Monday, June 20, 2011

Teachers? No. Incumbents? Yes!

Among the many factoids tossed around in the current education wars is the satisfactory evaluation rates of teachers. Pennsylvania Education Secretary Ronald Tomalis is quoted in "Virtually all of Pennsylvania principals rated satisfactory, but state education secretary says that doesn't square with student test scores," by Jan Murphy 6/08/2011 Patriot News, as saying:

“It is very difficult for me to rationalize how our state can have virtually 100 percent of educators evaluated as satisfactory when, based on the statewide assessment, one-in-four students are scoring below proficient in reading, and one-in-three are scoring below proficient in math," Tomalis said.

For contrast, let's take a look at the evaluation rates of another occupational group: incumbent elected officials:

In 2010, congressional and senate incumbents nationwide were re-elected 98% of the time (95% if you count those who faced a primary). See "Anti-Anti-Incumbency
The 2010 election meme that refuses to die
," by Christopher Beam, Slate, Aug. 4, 2010

In 1994, the Pennsylvania State House and Senate had respective incumbent re-election rates of 98% and 95% (National Conference of State Legislatures, 1996)

"A Certain Uncertainty," (June 21, 2005 by Dr. G. Terry Madonna and Dr. Michael Young found that:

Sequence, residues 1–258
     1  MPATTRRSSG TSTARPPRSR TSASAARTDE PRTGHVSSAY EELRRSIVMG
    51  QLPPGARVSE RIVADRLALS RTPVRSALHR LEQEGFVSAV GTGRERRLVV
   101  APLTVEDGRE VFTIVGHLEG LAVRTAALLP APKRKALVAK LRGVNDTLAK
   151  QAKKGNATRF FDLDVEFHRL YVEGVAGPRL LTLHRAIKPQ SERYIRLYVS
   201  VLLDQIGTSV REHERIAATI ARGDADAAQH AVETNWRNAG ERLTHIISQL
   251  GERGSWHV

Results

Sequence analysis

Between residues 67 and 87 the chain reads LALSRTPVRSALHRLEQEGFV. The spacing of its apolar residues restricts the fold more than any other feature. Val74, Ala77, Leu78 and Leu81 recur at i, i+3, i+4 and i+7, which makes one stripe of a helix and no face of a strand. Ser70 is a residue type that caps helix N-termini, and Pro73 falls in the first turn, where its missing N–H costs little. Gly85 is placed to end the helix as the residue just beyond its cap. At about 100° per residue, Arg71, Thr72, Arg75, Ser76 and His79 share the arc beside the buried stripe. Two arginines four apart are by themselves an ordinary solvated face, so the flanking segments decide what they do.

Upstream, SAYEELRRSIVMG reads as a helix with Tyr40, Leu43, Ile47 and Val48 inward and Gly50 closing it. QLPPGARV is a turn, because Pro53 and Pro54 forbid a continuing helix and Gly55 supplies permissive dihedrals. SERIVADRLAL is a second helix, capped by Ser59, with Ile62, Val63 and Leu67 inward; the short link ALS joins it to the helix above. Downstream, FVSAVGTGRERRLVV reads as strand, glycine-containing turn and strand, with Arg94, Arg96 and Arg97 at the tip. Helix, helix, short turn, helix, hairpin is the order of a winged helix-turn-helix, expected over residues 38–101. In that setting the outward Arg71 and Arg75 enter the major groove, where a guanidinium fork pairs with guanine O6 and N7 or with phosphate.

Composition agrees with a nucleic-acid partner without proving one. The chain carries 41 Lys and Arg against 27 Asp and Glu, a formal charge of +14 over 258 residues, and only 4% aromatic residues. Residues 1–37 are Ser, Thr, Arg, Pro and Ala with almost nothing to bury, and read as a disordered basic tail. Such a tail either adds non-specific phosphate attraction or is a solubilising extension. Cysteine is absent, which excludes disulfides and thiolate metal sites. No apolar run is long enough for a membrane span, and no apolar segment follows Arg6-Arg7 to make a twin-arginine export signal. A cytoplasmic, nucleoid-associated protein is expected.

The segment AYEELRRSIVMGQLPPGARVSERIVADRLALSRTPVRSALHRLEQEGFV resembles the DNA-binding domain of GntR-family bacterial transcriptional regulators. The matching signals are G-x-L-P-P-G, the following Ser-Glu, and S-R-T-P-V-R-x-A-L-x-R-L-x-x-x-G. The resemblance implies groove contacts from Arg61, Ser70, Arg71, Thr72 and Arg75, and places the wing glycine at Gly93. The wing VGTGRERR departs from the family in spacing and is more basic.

Nationally House congressional incumbent reelection rates have exceeded 95-percent for almost two decades. In recent election cycles, fewer than ten percent of House seats (about 30 of 435 seats) are considered "competitive." In Pennsylvania, state legislative incumbents have been reelected even more consistently, presently averaging 98-percent.

If one follows Mr. Tomalis's logic, 98% incumbency re-election rates would be justified if students (would that be us voters?) were doing well, or if the legislators were doing a great job. Do you think you are doing well or that your elected officials are doing great job? Do all but 2% of our elected officials really deserve to keep their jobs?

If teachers are threatened with job loss because of the performance of their students, shouldn't elected officials lose their jobs if their constituents have high unemployment rates or poor environmental conditions?

One so seldom hears those in government talking about their own job security rates. But teachers these days are fair game.

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